He bought Harry a hamburger and they sat down on plastic seats to eat them. Harry kept looking around. Everything looked so strange, somehow.

   "You all right, Harry? Yer very quiet," said Hagrid.
Harry wasn't sure he could explain. He'd just had the best birthday of his life –– and yet –– he chewed his hamburger, trying to find the words.

  "Everyone thinks I'm special," he said at last. "All those people in the Leaky Cauldron, Profes-sor Quirrell, Mr. Ollivander... but I don't know anything about magic at all. How can they expect great things? I'm famous and I can't even remember what (1) I'm famous for. I don't know what happened when Vol-, sorry –– I mean, the night my parents died (2)."
(Harry Potter and the Sorcerer's Stone)

I guess what (1) is a complementizer that moved forth from for's complement. And it’s the pronoun referring to what happened the night my parents died (2), or short form of this. Is this a proper parsing?

  • 1
    The two free relative clauses are not related, grammatically or syntactically -- only rhetorically. Commented Oct 31, 2013 at 2:11

1 Answer 1


"I can't even remember what I'm famous for" contains two clauses.

"What I'm famous for" is a "wh- clause". It can be considered to be the result transformation of the sentence "I'm famous for what" by a process called wh- movement where by "what" moves to the front.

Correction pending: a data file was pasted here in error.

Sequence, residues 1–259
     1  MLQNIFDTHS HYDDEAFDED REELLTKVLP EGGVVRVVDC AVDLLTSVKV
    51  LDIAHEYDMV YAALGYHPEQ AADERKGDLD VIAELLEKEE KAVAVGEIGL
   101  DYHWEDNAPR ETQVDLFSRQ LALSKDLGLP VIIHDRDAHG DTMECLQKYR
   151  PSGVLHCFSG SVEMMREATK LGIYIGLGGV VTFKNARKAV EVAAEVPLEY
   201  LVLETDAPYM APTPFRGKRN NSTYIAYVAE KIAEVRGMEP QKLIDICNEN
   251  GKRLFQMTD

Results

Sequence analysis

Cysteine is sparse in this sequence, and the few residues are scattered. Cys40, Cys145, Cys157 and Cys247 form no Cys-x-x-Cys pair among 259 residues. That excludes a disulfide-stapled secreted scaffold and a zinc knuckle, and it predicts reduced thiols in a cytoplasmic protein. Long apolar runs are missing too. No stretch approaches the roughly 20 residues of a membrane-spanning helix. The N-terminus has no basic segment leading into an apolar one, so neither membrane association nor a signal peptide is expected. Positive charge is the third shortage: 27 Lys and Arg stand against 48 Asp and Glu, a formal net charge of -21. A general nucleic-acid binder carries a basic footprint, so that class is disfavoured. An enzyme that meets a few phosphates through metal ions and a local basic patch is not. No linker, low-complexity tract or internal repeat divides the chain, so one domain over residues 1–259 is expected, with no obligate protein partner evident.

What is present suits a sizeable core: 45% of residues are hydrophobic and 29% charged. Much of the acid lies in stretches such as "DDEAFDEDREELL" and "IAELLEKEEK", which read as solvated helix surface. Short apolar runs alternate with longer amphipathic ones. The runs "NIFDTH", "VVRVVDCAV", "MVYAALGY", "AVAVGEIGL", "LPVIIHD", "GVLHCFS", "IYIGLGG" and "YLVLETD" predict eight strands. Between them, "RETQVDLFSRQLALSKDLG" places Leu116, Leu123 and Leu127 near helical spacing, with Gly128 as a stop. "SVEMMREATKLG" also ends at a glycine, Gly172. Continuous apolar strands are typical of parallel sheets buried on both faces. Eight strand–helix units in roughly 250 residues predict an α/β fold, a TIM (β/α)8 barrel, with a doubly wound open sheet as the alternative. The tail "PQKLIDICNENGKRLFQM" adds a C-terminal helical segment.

The entire clause is nominalized. That is to say, "what I'm famous for" serves as a big noun.

The pattern "I cannot remember [ ]" requires a noun phrase, or a nominalized clause to fill in the blank.

I do not believe that "what" serves as a complementizer: not in your sentence, or anywhere else.

There is also no evidence of any invisible complementizer in the sentence.

Nominalized clauses can be joined without a complementizer, because they denote something (similarly to a noun) whereas complementized clauses represent themselves as clauses, more or less.

There are wh- words that are complementizers, such: whom, which, whether.

For instance, consider:

The song which you like is playing on the radio.

There is no grammatical way to use "what" in a similar way as a complementizer. "The song what you like" is not grammatical.

And, conversely, "which you like" does not nominalize: "This is which I like" is not grammatical.

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